Sadly, bullying is much more than just a buzz word or a trend in kids’ behavior these days. Thanks to the internet and social media, kids today have to deal with a more intense form of bullying than any of their parents did—and this often leaves modern parents at a loss when it comes to teaching their kids how to handle it.
I recently read an article by Linda Stade, Research Officer at Santa Maria College in Australia that really opened my eyes to some of the reasons behind and patterns of “mean girl” behavior and bullying (which she calls “relational aggression), and also how parents can teach their kids to properly react to it AND not become part of it — essentially stopping bullying.
Stade’s proposed solutions require a lot of INTENT on the parents’ part, but I think if we all share and spread the word, we could truly start a movement of kids who DO better: those who have empathy for one another, won’t bully other, and are willing to help each other out when one is being bullied. Here are some key takeaways for parents from Stade’s article.
What and How to Teach Your Kids to Stop Bullying
Model and talk about healthy friendships
Relational aggression is learned behavior, so model healthy friendships with YOUR friends for your kids. After you have friends over, talk to your kids about what you appreciate about the friend you’ve just spent time with.
Intentionally teach kindness, empathy, and compassion
It’s not enough to tell your kids to “be kind.” This kind of behavior starts in the home, so demonstrate kindness, empathy, and compassion with your family members first and then talk about it while you’re doing it. If one of your children tells you about a friend being upset at school that day, draw the story out of them and ask how they would feel if that happened to them. Encourage them to say something kind to the child the next day. Give examples and teachable moments of empathy as much as you can. Your kids are more comfortable displaying these qualities at home, it will take practice and encouragement for them to do it outside the home.
Intentionally teach kids about the signs of bullying or relational aggression
Has your daughter ever come home crying because a girl she thought was her friend said something mean or belittled her and then added a “just kidding” to soften the blow? I know this happened to me multiple times as a child. Just as we need to teach our kids what a healthy friendship looks like, we also need to talk to them about what toxic friendships look like. We need to teach them to separate themselves from a “Friend” who is putting them down as a “joke,” posting awkward photos of them because they “think you look pretty” or who is purposely excluding them because “my mom said I could only invite 3 people to the sleepover.” We’ve got to prepare our kids to be emotionally intelligent and teach them cut their losses when a “friendship” is more hurtful than helpful. (I tell my kids, you DO have to be kind to everyone, but you DON’T have to be everyone’s friend.)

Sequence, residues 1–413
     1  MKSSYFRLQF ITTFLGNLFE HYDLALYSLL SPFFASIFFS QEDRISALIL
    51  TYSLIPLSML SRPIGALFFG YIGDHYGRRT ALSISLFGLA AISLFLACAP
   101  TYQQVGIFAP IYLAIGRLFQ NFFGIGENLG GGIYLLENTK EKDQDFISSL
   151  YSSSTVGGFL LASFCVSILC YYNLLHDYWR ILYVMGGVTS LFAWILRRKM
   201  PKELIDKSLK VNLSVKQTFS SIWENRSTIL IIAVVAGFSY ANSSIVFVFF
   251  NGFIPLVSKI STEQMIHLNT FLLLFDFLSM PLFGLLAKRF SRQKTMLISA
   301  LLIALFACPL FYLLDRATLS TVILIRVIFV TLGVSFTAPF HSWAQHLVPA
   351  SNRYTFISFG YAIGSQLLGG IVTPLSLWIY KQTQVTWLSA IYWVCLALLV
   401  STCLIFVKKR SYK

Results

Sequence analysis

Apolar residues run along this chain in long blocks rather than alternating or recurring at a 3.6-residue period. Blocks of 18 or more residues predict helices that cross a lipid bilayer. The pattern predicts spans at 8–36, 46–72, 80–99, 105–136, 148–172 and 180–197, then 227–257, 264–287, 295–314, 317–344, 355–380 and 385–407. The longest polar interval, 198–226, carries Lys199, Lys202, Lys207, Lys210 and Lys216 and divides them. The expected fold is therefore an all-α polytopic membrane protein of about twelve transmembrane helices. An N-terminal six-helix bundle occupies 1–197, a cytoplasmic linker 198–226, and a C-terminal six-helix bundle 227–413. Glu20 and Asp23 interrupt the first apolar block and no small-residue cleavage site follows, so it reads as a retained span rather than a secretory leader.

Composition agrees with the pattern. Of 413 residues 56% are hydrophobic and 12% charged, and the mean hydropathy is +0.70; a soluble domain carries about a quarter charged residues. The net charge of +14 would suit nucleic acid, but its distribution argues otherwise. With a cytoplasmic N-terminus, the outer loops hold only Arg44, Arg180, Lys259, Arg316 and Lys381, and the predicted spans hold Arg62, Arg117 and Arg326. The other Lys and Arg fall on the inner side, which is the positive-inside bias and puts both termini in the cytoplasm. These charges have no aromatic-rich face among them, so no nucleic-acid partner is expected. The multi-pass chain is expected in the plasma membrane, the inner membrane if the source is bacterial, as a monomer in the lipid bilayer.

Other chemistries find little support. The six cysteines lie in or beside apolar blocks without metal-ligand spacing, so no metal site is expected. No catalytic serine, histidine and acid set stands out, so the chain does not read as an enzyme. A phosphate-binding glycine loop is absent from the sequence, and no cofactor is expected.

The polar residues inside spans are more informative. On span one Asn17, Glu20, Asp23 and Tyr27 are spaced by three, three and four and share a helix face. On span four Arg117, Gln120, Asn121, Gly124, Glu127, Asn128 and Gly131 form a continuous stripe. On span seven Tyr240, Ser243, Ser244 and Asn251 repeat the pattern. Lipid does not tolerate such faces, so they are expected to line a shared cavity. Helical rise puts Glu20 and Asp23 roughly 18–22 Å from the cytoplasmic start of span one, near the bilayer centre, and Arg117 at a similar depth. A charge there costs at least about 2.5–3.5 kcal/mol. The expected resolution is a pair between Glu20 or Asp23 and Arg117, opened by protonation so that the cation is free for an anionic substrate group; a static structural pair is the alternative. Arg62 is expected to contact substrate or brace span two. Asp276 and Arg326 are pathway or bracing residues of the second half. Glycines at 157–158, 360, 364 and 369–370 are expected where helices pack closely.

Teach kids to be Upstanders, Distracters, and Supporters
Stade suggests teaching your kids to be these three things to counteract bullying and relational aggression, and I LOVE her ideas. In this climate, “mind your own business” isn’t the loving thing to do. If we can teach our kids to be these things, they will truly be capable of changing a hostile environment. She defines them as:
Upstanders: These are people who stand up for victims. It’s been proven that if you can stand up to a bully for 8 seconds, they are likely to back down. Some kids are stronger than others. We need to make it cool to be strong and able to defend others.
Distracters: Kids who can recognize when a mean moment is coming and distract participants away from it. It’s a skill that adults eventually learn themselves, but if kids are given instruction on how to do this it can be learnt more quickly.
Supporters: Kids who are taught to do something as small as make eye contact with a victim while aggression is happening. That shows the victim that the behavior is seen and acknowledged. It makes the victim seen and acknowledged. They aren’t alone.
Finally, Stade also asks that parents never excuse their child’s or their child’s peers bad behavior as “that’s just girls” or “boys will be boys.” The truth is there is NO excuse for kids who are being mean or abusive to other children, and as parents we need to realize that out kids ARE capable of bad behavior, and be willing to punish them and do what it takes to stop it.
Many thanks to Stade for sharing these tips with parents…if you’d like to keep up with her (she has a new ebook coming out about “Friends and Frenemies”) please give her a follow on her Facebook page.